Congress served as a form of a super city council over DC for decades, only ceding some of that power in recent years. DC has sent a non-voting representative to the House since the early 1970s. The House grants Del. Eleanor Holmes Norton, D-D.C., practically the same privileges afforded any other member. Norton has an office. She can sponsor legislation. She can sit on committees. She can even vote on the floor when the House transmogrifies itself into a special parliamentary construct known as “The Committee of the Whole.” However, Norton cannot cast a ballot in the House itself.

DC has two shadow senators, neither of which have any formal parliamentary recognition on Capitol Hill.

This is why Washington, DC, slapped the phrase “Taxation Without Representation” on its license tags back in the early 1990s. After all, taxation without representation is the quintessential American battle cry, dating back to the Boston Tea Party.

There has been a push to alter DC’s political status for decades. Perhaps retrocede the “Maryland” part to Maryland. Convert the city into a state. Grant Washington, DC a vote on the House floor.

The House first voted to make DC a state in November, 1993. That bill failed badly. Had it eventually succeeded, DC would have emerged as a state called “New Columbia.”

In March, 2007, House Democrats engineered a plan (which was later yanked off the floor) to grow the size of the House by two seats to 437. DC would get a seat – and it would presumably be Democratic. The offset was found in Utah. Some Republicans argued the 2000 Census fleeced Utah out of an additional House seat. Arguably, a new seat in Utah would go to the Republicans. So, the new, 437-member House would feature two seats, offsetting one another. But that bill blew up even before a vote.

The House of Representatives approved the DC statehood bill the other day, 232-180. It marked the first time any such legislation ever moved through either body of Congress.

And, if DC becomes a state, it’s likely it would send two Democratic senators and one Democratic House member to Capitol Hill.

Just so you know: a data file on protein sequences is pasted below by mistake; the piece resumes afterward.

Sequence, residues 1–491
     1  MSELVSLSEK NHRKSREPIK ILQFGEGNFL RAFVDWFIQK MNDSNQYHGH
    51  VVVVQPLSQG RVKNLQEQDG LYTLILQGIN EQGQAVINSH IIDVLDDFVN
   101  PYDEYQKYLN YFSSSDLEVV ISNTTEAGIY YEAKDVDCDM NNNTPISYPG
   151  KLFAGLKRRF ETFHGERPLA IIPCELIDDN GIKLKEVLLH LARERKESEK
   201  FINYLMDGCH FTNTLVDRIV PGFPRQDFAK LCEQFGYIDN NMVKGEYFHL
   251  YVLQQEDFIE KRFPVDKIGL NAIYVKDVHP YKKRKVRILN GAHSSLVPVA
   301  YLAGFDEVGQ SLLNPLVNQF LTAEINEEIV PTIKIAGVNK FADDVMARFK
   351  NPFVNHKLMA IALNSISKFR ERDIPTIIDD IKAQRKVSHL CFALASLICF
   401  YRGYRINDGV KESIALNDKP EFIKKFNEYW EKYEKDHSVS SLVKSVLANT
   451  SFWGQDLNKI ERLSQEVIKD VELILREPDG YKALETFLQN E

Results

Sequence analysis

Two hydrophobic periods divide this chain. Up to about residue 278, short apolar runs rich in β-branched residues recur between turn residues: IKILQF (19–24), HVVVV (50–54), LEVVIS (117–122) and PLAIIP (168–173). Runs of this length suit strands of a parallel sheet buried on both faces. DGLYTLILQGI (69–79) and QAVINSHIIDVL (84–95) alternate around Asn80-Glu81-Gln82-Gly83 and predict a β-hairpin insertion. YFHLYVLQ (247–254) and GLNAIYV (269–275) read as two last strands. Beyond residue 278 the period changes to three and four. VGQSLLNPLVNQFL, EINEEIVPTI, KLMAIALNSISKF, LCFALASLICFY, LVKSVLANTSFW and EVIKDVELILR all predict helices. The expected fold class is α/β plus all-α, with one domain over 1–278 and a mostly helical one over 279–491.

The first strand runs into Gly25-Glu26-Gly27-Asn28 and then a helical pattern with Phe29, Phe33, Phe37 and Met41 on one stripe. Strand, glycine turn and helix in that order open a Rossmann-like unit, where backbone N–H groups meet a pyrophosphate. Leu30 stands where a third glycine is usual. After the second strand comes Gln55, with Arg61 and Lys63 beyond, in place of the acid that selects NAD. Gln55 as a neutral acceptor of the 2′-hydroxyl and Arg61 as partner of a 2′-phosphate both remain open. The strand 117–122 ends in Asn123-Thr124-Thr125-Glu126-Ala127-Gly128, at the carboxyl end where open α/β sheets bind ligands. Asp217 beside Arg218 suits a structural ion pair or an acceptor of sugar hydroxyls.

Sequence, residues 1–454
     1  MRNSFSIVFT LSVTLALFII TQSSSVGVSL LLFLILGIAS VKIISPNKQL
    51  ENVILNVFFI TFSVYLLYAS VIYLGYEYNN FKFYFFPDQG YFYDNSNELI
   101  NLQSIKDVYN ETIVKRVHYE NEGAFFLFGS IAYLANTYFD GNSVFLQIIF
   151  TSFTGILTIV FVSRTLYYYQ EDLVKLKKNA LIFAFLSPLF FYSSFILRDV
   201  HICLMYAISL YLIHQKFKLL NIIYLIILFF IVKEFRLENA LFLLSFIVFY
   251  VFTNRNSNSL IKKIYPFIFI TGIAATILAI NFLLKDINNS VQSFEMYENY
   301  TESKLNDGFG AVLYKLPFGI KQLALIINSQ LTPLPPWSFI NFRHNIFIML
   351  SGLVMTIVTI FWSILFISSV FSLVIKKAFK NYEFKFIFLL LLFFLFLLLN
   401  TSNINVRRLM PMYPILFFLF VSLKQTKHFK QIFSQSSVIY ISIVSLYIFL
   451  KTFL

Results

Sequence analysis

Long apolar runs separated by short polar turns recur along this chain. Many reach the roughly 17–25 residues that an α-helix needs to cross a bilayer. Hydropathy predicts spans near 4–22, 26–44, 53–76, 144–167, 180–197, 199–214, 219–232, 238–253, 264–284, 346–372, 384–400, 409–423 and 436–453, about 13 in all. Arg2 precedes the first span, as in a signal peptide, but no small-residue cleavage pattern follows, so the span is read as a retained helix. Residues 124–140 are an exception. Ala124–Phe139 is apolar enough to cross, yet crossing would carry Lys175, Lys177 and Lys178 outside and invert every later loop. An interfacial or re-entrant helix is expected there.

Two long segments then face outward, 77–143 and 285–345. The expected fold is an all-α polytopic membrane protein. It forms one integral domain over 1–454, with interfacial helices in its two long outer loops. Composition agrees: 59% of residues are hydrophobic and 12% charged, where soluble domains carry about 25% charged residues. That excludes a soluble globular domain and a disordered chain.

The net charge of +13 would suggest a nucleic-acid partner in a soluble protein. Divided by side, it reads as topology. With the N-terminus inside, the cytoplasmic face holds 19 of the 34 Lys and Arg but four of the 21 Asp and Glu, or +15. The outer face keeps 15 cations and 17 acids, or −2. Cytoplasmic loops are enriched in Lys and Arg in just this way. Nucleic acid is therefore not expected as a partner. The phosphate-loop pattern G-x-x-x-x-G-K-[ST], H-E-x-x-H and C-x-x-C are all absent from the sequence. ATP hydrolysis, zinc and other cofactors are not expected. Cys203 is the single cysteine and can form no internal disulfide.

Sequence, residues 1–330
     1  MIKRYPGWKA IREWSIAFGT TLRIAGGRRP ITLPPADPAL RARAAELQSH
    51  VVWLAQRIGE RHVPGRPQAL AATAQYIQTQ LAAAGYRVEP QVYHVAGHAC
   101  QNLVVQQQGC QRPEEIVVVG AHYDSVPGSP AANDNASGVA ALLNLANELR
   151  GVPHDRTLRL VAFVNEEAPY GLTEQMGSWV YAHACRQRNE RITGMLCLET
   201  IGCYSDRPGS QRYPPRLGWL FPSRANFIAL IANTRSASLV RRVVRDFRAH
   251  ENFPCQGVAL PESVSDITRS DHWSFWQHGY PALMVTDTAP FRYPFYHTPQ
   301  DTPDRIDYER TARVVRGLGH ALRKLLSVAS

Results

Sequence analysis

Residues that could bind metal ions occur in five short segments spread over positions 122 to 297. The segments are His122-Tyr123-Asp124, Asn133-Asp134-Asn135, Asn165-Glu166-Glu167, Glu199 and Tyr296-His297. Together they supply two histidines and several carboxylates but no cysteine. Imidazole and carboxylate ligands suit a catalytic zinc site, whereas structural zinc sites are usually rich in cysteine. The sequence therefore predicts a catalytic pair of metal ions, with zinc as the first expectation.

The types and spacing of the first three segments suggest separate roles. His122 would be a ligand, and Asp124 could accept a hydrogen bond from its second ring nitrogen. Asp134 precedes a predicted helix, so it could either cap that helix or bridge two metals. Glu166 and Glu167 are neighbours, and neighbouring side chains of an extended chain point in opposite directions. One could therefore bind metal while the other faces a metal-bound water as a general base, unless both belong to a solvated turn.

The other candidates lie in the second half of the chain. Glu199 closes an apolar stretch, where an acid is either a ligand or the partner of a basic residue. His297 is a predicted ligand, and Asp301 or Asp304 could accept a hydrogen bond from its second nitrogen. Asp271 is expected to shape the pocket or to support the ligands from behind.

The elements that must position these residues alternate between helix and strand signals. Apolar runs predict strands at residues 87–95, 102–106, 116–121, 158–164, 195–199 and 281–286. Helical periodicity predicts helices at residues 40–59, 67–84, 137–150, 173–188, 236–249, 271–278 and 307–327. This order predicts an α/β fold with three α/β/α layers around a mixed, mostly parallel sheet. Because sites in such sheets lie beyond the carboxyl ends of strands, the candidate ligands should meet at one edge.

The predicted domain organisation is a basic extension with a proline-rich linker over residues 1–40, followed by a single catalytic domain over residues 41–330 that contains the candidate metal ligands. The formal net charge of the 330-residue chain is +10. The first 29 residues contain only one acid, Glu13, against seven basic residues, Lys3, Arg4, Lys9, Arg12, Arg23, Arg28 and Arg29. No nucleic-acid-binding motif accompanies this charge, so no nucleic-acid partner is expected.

Washington, DC Mayor Muriel Bowser, a Democrat, argues that opposition to statehood hinges on politics and race.

“Let’s fight back against the cries that we’re too liberal or we’re too black or that there are too many Democrats,” said Bowser.


“The answer is simple,” proclaimed Sen. Tom Cotton, R-Ark., in a feisty floor speech about DC statehood. “The Democrats want DC to be a state because they want two new Democratic senators in perpetuity.”

That’s not necessarily the case. Remember the earlier point about how Alaska and Hawaii switched politics? But unlike the gambit for Alaska and Hawaii, there is no equalizer in the case of statehood for Washington, DC now. There was even a counterbalance with the DC and Utah seats in the 2007 bill.

House Speaker Nancy Pelosi, D-Calif., sidestepped an inquiry from yours truly about the lack of a political offset when it came to statehood for DC.

“Forgive me for not valuing your question to the extent you’re valuing it. The fact is that people in DC risk their lives. Fight our wars,” said Pelosi.

The key to statehood for Douglass Commonwealth is a presidential signature. President Trump opposes statehood. So statehood isn’t happening any time soon. And, of course, the United States Senate. Senate Majority Leader Mitch McConnell, R-Ky., won’t bring up the DC bill. So this issue is dead – at least until 2021.

“Bye, bye, Mitch!” declared Norton. “We’re going to take the Senate and get DC statehood.”

Democrats are bullish on seizing the Senate from GOPers next year – and winning the White House.

But not so fast.

You need 51 Senate yeas to make Washington, DC the 51st state. But 60 votes to break a Senate filibuster. And without an offset for DC, Senate Republicans are more than happy to provide their own counterbalance.